photogrpah of a white woman's arm with a tattoo of black spots circling up her arm. She is wearing three small, hemp wrist bands.
My first tattoo.

I got my first tattoo in my late 20s. On a predictably hot summer day in Washington, DC, I rode my bike out several miles to find a affordable tattoo parlor on some highway in northern Virginia. The young man tattoo artist gave me advice for how to "safely" jump trains while he marked my body with a series of black circles that snake their way up my arm, getting bigger and more painful as they ascend.

People ask me what my tattoo means. I tell them they are dots… just dots. I wanted a tattoo for the purpose of a tattoo. The dots mark a decision to mark my body, to decide what is beautiful and right for my body. This tattoo is a kind of self branding: My body belongs to me. My body is me. It took me until my late 20s to feel entitled to my own body.

Wysocki and Jasken (2004) demonstrated that interface design has traditionally been taught as a method of concealing the designer behind the interface, as if the only significant relationship would be the relationship between the computer and the user. Wysocki later reiterated the significance of embodiment our new media compositions and the knowledge that we produce. She wrote (2003): "Our belief that meaning can exist apart from the material embodiment of printed timetables, pages in bound books, or screens on computer monitors is woven into a belief that what we think has nothing to do with our messy, gendered, raced, aging, nationalized, digesting bodies" (186). The invisible interface, likewise, assumes the separation between embodied designer and the designed interface. McCorkle (2012) traced the history of interface design as it has become invisible, and then urged us: "the job of the technological critic, therefore, must be to agitate that quietude by acknowledging that the gap [between mind/body and machine], and that human programmers and designers will build their bridges based on standardized assumptions and generalizations about the body" (183). I would extend McCorkle’s argument by urging designers as well as technological critics to agitate the quietude of transparent interface design by making our own embodiments as designers visible in our work.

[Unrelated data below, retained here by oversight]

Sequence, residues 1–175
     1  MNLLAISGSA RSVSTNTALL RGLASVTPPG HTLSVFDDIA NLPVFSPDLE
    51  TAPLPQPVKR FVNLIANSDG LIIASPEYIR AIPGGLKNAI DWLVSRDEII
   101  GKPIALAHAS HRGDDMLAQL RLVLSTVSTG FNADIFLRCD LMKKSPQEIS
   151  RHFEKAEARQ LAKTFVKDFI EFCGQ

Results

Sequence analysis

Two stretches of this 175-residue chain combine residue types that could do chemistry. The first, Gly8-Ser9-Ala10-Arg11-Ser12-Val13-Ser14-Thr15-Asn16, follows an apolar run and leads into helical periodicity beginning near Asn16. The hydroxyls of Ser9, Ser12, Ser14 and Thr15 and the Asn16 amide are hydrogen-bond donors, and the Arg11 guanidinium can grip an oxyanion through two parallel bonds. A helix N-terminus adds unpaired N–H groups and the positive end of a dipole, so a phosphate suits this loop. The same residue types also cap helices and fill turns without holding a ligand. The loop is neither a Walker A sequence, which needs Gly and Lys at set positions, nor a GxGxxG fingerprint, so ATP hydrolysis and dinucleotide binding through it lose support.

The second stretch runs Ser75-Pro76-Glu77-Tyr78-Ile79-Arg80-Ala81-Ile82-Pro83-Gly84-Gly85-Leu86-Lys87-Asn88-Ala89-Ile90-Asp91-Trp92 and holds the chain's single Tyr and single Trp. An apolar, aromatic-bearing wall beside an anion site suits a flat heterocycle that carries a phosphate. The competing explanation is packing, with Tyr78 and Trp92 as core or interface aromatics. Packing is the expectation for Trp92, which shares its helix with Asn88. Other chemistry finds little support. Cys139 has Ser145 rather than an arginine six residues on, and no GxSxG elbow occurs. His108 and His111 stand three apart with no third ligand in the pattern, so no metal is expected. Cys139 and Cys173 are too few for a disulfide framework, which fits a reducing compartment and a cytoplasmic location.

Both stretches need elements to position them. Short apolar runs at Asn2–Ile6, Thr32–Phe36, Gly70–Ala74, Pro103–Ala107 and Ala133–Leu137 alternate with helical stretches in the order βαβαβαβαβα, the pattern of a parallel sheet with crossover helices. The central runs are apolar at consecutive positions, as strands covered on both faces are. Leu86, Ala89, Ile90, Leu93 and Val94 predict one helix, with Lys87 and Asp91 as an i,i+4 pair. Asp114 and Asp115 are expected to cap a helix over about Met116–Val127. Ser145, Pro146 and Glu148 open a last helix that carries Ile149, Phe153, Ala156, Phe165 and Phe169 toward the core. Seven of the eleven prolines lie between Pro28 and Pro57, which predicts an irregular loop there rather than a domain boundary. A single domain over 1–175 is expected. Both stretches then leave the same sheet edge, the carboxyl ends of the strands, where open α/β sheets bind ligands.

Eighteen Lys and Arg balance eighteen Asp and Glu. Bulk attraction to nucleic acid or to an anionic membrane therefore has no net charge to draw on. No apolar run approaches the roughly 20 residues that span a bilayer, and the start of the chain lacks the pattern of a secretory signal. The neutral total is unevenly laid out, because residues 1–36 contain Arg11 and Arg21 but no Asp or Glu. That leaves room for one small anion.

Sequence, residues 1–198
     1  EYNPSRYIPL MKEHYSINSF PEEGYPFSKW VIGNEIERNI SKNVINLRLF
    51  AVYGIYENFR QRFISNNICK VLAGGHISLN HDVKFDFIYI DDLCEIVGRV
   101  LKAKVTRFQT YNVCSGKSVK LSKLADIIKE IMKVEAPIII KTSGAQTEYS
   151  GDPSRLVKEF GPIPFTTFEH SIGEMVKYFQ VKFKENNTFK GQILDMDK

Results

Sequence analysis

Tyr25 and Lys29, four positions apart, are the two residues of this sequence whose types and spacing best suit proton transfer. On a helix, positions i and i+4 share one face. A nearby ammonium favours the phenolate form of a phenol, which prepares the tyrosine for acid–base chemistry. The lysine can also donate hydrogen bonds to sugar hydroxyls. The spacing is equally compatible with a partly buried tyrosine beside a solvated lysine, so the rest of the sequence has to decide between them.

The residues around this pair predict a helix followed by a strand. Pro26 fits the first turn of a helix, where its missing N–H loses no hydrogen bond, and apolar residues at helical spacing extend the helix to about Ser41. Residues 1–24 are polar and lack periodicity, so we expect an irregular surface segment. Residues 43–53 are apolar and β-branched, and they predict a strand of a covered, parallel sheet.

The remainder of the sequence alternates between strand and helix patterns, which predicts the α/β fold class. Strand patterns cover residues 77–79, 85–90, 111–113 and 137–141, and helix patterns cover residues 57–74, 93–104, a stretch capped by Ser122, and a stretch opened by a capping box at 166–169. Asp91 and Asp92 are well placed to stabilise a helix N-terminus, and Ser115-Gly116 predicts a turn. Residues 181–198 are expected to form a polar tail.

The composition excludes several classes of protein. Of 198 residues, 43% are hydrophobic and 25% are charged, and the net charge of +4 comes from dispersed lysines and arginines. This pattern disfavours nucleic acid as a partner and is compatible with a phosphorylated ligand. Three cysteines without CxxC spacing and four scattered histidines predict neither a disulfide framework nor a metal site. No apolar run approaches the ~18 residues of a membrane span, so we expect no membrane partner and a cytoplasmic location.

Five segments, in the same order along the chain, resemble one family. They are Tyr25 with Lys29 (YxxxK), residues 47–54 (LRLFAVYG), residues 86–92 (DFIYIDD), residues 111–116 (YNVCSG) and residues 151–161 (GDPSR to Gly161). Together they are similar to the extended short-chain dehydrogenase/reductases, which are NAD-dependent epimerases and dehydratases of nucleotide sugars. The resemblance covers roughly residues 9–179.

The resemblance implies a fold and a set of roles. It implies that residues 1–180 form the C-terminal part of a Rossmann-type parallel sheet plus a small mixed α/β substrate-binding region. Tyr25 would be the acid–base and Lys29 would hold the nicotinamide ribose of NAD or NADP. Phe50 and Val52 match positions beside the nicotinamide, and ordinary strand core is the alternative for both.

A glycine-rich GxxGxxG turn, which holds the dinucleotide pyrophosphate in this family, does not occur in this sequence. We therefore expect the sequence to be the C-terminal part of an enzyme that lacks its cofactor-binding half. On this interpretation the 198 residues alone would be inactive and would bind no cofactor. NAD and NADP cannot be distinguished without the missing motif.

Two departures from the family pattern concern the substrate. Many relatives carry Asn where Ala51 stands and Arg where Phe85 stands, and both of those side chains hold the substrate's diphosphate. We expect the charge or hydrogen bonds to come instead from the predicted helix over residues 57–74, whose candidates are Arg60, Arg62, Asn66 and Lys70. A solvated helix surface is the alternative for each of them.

Design to Make Space for Bodies

Despite the effort placed on erasing embodiment, bodies are always present designing, using, creating, and composing. Wajcman’s (2004) theory of technofeminism makes a critical intervention by making gendered bodies the center of her analysis of technologies. She claimed that "by linking gender to technology, technofeminist perspectives add a new dimension to sociological analyses of gender difference and sexual inequality" (p. 116). Her hope was that when women design, our gendered experiences and gendered knowledge will lead to new design choices and new tools. By extension, by making our gendered, racialized, nationalized, aging, strong, broken, and unique bodies visible in our designs, a technofeminist design can break out of hegemonic design standards. For example, by making my body visible on this text, my readers can engage with me as embodied designer–writer, a white body, a woman's body, a tattooed body, a southerner, and unique human being making her way in the world. These embodied experiences frame and inspire my thinking as well as my own design practice.

image of white woman wearing glasses covering the left side of her face with her left hand
Screenshot from Wysocki and Jasken "What Should be an Unforgettable Face..."

Wysocki and Jasken (2004) designed their print text in a way that makes their own bodies and their embodied networks visible. We cannot forget the faces, half or partially covered, that appear on different pages. In this small design choice, I see the bodies, people and unique faces that make their communities. I see a hand with a wedding ring on one page and faces with beards on others. By partially covering the faces or getting up close to eyes and hands, Wysocki and Jasken suggest that every text is only a partial representation or partial inclusion. There are things we continue to hide. And there are people, bodies, experiences left out. And, yet, audiences see the embodiments that underlie the interface of the page, the theory, and the text.

To make embodiment visible through interface design includes more than sharing a photos of a body. Rather, the technofeminist design integrates embodiment by considering carefully: Whose body? What gestures may invite a relationship with audiences? How do I want to be felt or seen?